Was cleanup a "taking'?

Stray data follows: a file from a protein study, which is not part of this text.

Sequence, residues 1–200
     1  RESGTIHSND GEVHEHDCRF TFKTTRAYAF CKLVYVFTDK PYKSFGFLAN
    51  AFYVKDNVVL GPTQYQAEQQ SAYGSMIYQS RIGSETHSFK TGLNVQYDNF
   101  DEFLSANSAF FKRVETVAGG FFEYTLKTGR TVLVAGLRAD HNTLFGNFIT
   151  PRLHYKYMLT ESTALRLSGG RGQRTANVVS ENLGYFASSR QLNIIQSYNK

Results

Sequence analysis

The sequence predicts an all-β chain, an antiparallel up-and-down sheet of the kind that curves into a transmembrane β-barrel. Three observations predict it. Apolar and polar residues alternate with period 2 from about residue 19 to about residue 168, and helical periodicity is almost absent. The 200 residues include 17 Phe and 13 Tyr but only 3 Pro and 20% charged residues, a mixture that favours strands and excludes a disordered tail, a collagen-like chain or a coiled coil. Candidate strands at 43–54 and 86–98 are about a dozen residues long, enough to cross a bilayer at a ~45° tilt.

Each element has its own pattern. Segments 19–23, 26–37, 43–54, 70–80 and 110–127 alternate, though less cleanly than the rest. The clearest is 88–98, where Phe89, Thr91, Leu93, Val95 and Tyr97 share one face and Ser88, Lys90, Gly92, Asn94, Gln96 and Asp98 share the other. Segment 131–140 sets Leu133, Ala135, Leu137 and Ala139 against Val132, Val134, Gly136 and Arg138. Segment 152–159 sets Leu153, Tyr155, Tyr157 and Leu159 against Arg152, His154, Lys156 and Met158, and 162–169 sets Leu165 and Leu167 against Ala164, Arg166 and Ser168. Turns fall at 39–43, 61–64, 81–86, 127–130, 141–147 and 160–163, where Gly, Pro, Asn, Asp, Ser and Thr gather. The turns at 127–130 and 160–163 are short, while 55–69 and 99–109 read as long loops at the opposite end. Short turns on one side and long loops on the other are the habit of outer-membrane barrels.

It's a case with bizarre implications: A Boulder, Colo., company that owns land on which the disastrous Summitville Mine was built is suing the state for allowing the disaster to happen and the federal government for spending millions to clean it up. Filed in Rio Grande County District Court, the landowners' suit claims the state was negligent in issuing a permit for mining at the southen Colorado site. A second, federal court suit charges the EPA broke the law by implementing long-term cleanup at the site when regular water-treatment procedures would have taken care of the problem. Now, property owners say, they can't mine or sell the land. Roger Flynn, of the Boulder-based environmental group Western Mining Action Project, asks, "What's a body to do? If you permit a mine, it's a taking. If you don't, it's a taking, and if you clean it up, it's a taking." Flynn calls the lawsuits "the height of hypocrisy," since owners collected substantial income from leasing the property while the cyanide heap-leach mine was in operation. Colorado Farm Bureau spokesman Ray Christiansen says the suits "are not what we had in mind" in supporting new takings legislation at the state and federal levels. "This is more of a reverse takings thing," he says.